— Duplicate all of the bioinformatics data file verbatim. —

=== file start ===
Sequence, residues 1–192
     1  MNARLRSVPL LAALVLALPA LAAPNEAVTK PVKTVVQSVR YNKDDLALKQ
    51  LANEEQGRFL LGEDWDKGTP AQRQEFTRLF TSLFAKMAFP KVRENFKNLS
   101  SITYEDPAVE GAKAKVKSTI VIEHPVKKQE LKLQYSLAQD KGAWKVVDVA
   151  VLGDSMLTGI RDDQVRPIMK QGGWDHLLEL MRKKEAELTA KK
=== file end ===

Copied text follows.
Sequence, residues 1–192
     1  MNARLRSVPL LAALVLALPA LAAPNEAVTK PVKTVVQSVR YNKDDLALKQ
    51  LANEEQGRFL LGEDWDKGTP AQRQEFTRLF TSLFAKMAFP KVRENFKNLS
   101  SITYEDPAVE GAKAKVKSTI VIEHPVKKQE LKLQYSLAQD KGAWKVVDVA
   151  VLGDSMLTGI RDDQVRPIMK QGGWDHLLEL MRKKEAELTA KK